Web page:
A Catholic “Undercover Boss”

I’m a fan of the show, and can’t wait ’til it comes back this winter.  (I preached about it a couple years ago, in fact.) But this episode, airing in late January, sounds like something to see:

Dina Dwyer-Owens, CEO of the Dwyer Group, a collection of home service franchises, donned a wig, pearls and blue jeans to check in on her employees for an upcoming episode of the CBS reality series “Undercover Boss.” And, by and large, she liked what she saw.

“To see how much our employees and our franchisees care is really awesome,” Dwyer-Owens said in a Dec. 15 telephone interview with Catholic News Service from Dwyer Group headquarters in Waco, Texas.

“Being out there in the van with the service professionals and the franchisees for a day or half a day really doing the work that they do, I have a whole new appreciation and respect for these professionals,” she said. “I look at myself and think, ‘I wonder what their day’s going to be like today.’ Their work is hard. It’s hard work. It was hot when I was out there with them, and they were doing it every day.”

When the “Undercover Boss” production team met with Dwyer-Owens before arranging her visits, they asked her what she did in a typical day. One part of her answer was making pancakes for breakfast. Another part was going to Mass.

“My goal is to go to Mass three to four times a week. During the seasons of Advent and Lent, I try to go five days a week,” Dwyer-Owens told CNS. “It just keeps me grounded in doing the right things instead of all the other stuff that creeps into your life.”

Her “Undercover Boss” segment shows her at a morning Mass at St. Louis Church in Waco and chatting with the parish pastor, Father John Guzaldo. Waco is in the Diocese of Austin.

“He’s such a cool priest,” Dwyer-Owens said. “I can text him and he responds.”

There’s a closing segment showing her praying alone inside St. Louis. “I’m not very good on meditating on Bible Scriptures and being focused. I find things I need to do around the home (instead),” she said. “I need to be in a place that quiets me.”

Dwyer-Owens said the routine of near-daily Mass came early in her tenure as CEO after she succeeded her father, who founded the company 30 years ago. The Dwyer Group had bought a company that was bigger than the original Dwyer business, and with the purchase came a seemingly endless string of things to do.

“I found I was getting very caught up in the activities on the to-do list,” she said. “I was finding that I was letting negativity seep into my day. I was getting bogged down by the to-do’s instead of the to-be’s. I found that going to Mass was the best way to keep me grounded and focused on what I needed to do in life.”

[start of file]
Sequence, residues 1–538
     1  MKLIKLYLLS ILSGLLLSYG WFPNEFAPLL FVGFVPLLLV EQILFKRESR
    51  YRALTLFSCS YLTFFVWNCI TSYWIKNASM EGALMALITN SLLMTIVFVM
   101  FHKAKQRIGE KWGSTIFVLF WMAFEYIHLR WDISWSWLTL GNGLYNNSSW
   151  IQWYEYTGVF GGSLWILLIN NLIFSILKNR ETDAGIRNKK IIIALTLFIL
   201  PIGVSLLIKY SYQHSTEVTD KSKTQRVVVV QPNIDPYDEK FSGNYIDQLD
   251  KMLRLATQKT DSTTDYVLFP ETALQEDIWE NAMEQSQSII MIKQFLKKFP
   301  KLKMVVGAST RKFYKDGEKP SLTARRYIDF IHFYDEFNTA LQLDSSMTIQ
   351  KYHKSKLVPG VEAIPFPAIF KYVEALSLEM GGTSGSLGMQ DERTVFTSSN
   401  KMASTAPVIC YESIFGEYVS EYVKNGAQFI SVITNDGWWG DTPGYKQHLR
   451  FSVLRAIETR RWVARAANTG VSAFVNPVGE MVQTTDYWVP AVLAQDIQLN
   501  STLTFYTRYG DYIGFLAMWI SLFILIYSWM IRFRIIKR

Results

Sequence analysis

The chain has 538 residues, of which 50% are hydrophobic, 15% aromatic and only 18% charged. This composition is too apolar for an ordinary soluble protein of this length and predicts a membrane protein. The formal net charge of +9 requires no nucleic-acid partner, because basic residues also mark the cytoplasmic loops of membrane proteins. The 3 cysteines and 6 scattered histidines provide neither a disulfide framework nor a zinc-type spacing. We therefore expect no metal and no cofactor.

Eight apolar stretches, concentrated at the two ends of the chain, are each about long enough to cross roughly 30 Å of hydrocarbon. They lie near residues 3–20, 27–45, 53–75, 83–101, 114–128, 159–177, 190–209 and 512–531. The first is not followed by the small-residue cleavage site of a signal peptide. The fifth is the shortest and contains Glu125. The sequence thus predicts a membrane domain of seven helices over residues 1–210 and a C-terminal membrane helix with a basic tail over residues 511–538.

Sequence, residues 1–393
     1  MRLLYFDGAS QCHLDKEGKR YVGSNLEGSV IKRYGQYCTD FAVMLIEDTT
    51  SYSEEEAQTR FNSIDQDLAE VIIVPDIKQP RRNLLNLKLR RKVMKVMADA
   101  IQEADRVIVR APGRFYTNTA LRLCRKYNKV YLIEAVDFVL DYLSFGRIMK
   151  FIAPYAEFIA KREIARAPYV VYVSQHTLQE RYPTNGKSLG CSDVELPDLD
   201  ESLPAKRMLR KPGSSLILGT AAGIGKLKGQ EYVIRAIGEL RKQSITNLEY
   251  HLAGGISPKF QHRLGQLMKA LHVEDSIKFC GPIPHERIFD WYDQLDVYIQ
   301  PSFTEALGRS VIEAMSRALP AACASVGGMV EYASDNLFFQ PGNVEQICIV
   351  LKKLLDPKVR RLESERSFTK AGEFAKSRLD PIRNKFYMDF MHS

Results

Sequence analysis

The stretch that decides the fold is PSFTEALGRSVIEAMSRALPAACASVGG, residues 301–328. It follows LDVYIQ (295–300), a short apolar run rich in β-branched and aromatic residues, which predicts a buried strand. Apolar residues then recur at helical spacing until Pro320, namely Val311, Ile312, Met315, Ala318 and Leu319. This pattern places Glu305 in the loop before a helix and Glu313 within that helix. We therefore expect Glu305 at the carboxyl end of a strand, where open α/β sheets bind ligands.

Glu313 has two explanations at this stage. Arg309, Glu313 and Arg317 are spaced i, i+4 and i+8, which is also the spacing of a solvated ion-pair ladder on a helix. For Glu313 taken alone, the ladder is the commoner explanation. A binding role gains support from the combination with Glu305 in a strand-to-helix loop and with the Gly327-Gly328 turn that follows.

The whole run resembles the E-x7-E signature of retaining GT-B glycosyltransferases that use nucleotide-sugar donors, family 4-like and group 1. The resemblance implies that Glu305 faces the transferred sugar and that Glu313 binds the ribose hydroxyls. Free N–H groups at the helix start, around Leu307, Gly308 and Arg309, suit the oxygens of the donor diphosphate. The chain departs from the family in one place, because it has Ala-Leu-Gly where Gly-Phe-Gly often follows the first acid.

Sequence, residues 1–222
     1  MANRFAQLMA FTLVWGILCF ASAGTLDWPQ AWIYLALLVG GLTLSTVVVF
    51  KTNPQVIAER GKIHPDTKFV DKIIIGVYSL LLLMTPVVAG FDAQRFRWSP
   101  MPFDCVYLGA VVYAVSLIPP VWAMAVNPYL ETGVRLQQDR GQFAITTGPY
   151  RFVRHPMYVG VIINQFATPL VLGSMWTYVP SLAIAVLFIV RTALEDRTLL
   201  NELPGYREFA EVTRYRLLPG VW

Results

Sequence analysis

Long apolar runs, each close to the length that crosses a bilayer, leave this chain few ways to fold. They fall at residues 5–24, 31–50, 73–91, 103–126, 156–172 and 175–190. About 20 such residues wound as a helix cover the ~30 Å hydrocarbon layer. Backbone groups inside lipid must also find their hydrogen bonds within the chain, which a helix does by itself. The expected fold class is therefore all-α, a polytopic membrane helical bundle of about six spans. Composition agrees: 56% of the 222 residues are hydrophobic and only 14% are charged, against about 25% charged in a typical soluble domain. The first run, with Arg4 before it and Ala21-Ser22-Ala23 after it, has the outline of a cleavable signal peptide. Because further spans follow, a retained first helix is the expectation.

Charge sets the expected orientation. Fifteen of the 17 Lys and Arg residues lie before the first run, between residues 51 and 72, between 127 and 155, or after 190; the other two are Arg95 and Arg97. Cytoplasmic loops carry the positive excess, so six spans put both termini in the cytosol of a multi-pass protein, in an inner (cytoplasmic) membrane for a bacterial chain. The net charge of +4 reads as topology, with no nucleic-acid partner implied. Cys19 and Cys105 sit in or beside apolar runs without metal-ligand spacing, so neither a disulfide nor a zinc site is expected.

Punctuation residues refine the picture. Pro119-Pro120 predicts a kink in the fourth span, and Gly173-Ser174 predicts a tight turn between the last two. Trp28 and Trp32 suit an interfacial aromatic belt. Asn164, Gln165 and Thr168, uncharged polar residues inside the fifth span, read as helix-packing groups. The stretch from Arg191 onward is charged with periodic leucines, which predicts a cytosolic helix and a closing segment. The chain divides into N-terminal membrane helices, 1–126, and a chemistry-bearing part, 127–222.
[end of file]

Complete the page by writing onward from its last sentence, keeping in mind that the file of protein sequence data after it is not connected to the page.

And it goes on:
Read the rest.

Comments

  1. I think the show is wonderful, for it does help those at the top understand what those at the bottom experience each day. The fact she publicly states she goes to mass almost daily is wonderful! What an excellent witness.

  2. Gail Finke says:

    Reality shows can be awful, but they also often show us things that scripted television does not — disabled but intensely loved relatives, large families, religious faith, etc. One of the things I liked most about Extreme Makeover and Wife Swap (before it jumped the shark) was seeing married couples who had obvious loving relationships and to whose lives faith and church were central. This week’s The Biggest Loser kickoff showed the first contestant deciding to go back home to his pregnant wife and NINE children — all of whom seemed to be healthy, normal, and happy.

  3. Fiergenholt says:

    Are we going to see bishops do the “Undercover Boss” deal sometime? My suspicion is that all of them are so recognizable they could not possibly “hide in plain sight” even without their “clerics” on.

    But someone told me that this is the role of the deacons — to be the eyes and ears of the bishop in places where he cannot be. If that is the case, what better places for deacons to visit than blogs ? There are at least a dozen deacons that check-in The Deacons Bench on occasion; I wonder how many other deacons out in “blog-land” just read?

  4. Fiergenholt, many have felt for years that some of the Bishops have been missing in action since the Spirit of Vatican II blew over the land.

    I wonder how many Catholics, even those in the pews, would recognize their Bishop, even some of the most recognizable, if done in the same way this show does with their CEO’s. I agree with Deacon Greg and enjoy this show and this one sounds like one to watch.

  5. Deacon Norb says:

    Both “mark” and “fiergenholt” offer an interesting twist to all this and it caused me to do some thinking. I have served under three bishops: the first one (who ordained me) and my current one were/are “clerical” through and through. Even if they had not worn their fancy robe or their big cross buried in their black clerical shirt, they always looked and acted in such a way that they simply could not have hidden in “plain-sight.”

    The middle of the three pretty much was “hidden-in-plain-sight” all the time. Always drove himself everywhere (early in his career in a beat-up and rusty AMC Gremlin!); always gregarious; had an incredible memory for faces and names and when he saw you for the first time in a while he always commented about a topic of your last conversation. Just yesterday, I had a conversation with a nephew of his and his uncle’s “hidden-in-plain-site” traits were items both of us still chuckled about: “I remember a time mom and dad hosted a block party and my uncle came. He blended in so well with our family that a lot of our neighbors — who should have recognized him — swear to this day he wasn’t there.” LOL

Leave a Comment


CLOSE | X

HIDE | X